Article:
Surprise, surprise. I obtained an email subjected Kentico Cloud overusage notification. That is something you don't want to see after the first month of running a small website on Kentico Cloud. And, if you cache HTML output server-side, it is even more strange. In this article, I will give you a friendly warning that every single image request is considered as a paid Content API call and provide you with a tip how to handle that.
My beautiful wife writes a blog that is quite popular here in the Czech Republic. It was using Kentico CMS for a long time. For her, it was painful to write posts there. Despite the fact that she was formatting articles in the Portal Engine WYSIWYG, she had to deal with HTML code a lot to avoid any unwanted styling.
Recently, we redesigned the blog to adjust it to her current business needs, and we addressed underlying technology as well. We moved from Kentico CMS to Kentico Cloud to improve her writing experience.
As the blog is almost a non-profit project, we wanted to cut down any unnecessary expenses. In case of using Kentico Cloud, we wanted to keep the number of Content API calls as lowest as possible.
What is a Content API call?
The Kentico Cloud Pricing page states: "A content API call represents a single request for fetching content (Delivery API) or a single modification request (Content Management API). Content API calls also include requests for assets, such as images, videos, or uploaded documents." That is pretty clear, right? However, I haven't read that carefully before implementing the new website.
I implemented the new website with HTML output caching and believed that this would lower down API usage to almost zero. I was terribly wrong.
The blog is about baking, and each page renders multiple images. As those images are stored in the Kentico Cloud Asset library and requested from there, no matter the caching, URLs in <img> tags get loaded every time the page is visited. Ouch.
Technically, requesting an URL staring with https://assets.kenticocloud.com will cost you a Content API call.
Imagine how many image requests are made on the blog posts list page. And multiply it by 450-page visits every day. At the end of the month, it was nearly 300.000 Content API calls.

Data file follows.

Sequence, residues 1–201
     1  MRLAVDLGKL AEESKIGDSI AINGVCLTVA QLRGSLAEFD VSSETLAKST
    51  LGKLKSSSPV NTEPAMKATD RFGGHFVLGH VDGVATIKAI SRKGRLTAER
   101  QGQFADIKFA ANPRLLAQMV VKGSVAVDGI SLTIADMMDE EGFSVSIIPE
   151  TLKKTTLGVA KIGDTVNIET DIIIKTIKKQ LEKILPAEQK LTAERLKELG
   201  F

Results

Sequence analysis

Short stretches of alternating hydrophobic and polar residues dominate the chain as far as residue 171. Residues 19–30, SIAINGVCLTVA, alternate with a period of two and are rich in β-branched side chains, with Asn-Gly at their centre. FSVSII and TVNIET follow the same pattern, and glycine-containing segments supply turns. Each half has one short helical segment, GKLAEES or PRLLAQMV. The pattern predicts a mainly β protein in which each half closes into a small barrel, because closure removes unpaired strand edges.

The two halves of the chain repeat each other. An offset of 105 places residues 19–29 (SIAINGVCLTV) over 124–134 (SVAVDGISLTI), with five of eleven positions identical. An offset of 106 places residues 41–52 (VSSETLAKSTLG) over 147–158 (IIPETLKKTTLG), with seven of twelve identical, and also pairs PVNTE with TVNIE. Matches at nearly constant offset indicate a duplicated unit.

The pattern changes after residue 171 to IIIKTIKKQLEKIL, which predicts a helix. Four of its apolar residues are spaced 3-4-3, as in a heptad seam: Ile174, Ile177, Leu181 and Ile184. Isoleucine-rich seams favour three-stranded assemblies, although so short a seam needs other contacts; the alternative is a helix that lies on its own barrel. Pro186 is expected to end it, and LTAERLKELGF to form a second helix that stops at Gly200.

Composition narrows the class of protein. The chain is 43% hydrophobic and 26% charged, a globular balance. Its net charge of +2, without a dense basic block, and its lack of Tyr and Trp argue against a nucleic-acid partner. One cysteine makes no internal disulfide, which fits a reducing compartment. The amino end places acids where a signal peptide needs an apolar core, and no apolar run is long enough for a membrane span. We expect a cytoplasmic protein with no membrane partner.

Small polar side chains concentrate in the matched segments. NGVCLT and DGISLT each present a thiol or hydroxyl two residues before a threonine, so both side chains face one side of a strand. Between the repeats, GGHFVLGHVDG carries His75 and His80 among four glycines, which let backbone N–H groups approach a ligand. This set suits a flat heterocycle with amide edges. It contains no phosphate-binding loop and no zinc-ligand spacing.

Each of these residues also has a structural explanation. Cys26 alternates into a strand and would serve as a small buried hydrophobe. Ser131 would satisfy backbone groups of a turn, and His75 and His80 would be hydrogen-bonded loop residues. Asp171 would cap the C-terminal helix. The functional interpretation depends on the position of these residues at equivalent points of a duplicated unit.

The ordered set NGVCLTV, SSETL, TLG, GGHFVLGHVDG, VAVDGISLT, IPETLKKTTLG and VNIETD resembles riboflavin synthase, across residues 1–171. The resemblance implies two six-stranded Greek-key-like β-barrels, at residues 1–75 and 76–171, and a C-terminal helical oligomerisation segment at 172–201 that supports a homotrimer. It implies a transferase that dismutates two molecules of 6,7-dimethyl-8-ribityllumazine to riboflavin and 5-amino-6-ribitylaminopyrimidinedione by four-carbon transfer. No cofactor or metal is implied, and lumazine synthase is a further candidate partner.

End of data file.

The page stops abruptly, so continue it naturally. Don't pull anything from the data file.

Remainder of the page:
Kentico Cloud Free plan includes 50.000 Content API calls for free which is excellent. And every 1.000 extra is for $0.10. In that situation, the final price would be $25/month.
The price is not high at all in comparison to what an excellent service you get by using Kentico Cloud. My point is that this could be kind of surprise.
That was a challenge for me because saving $25 every month means couple more beers.
Instead of caching the HTML output, I implemented a solution that:
- caches Delivery API responses,
- iterates Asset elements and transforms them into Base64 strings,
- parses Rich text elements and transforms referenced images into Base64 strings as well.
That has significantly lowered the number of Content API calls because all the content including images is cached server-side now.
When I was researching the issue, I came across a forum thread discussing exactly the same problem. The solution suggested in there is to use Kentico Cloud Webhooks to duplicate assets in another service like Azure CDN. This could be a fine solution as well. However, that would involve another service in the dev stack and possibly bring more issues. Moreover, server-side caching seems to be much simpler and elegant solution in my case.
In case you got here, and you are okay with using Node.js, I have a reward for you. I implemented an unofficial Delivery SDK for Node.js that handles caching the same way I describe in the section above. The SDK is available on Github or as an NPM package. Regarding the caching feature, you will be interested in the getContent method. Cheers!
Further readingall posts
- Kentico Cloud
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- Kentico CMS & EMS
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- Kentico Cloud
In this article, you'll learn what it takes to migrate your pages data from Kentico CMS to Kentico Cloud using the Migration tool.